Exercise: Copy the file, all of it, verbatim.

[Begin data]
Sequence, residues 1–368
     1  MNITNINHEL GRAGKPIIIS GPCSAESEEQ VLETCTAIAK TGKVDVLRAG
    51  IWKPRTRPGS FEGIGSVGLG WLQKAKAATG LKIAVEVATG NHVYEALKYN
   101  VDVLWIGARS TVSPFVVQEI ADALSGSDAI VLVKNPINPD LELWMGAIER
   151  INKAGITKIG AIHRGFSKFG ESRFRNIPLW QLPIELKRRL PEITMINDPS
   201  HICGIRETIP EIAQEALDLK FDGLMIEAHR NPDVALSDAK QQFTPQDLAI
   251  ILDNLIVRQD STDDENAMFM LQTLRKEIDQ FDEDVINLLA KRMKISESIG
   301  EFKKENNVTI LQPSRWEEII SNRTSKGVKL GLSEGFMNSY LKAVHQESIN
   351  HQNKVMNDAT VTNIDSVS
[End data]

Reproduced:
Sequence, residues 1–368
     1  MNITNINHEL GRAGKPIIIS GPCSAESEEQ VLETCTAIAK TGKVDVLRAG
    51  IWKPRTRPGS FEGIGSVGLG WLQKAKAATG LKIAVEVATG NHVYEALKYN
   101  VDVLWIGARS TVSPFVVQEI ADALSGSDAI VLVKNPINPD LELWMGAIER
   151  INKAGITKIG AIHRGFSKFG ESRFRNIPLW QLPIELKRRL PEITMINDPS
   201  HICGIRETIP EIAQEALDLK FDGLMIEAHR NPDVALSDAK QQFTPQDLAI
   251  ILDNLIVRQD STDDENAMFM LQTLRKEIDQ FDEDVINLLA KRMKISESIG
   301  EFKKENNVTI LQPSRWEEII SNRTSKGVKL GLSEGFMNSY LKAVHQESIN
   351  HQNKVMNDAT VTNIDSVS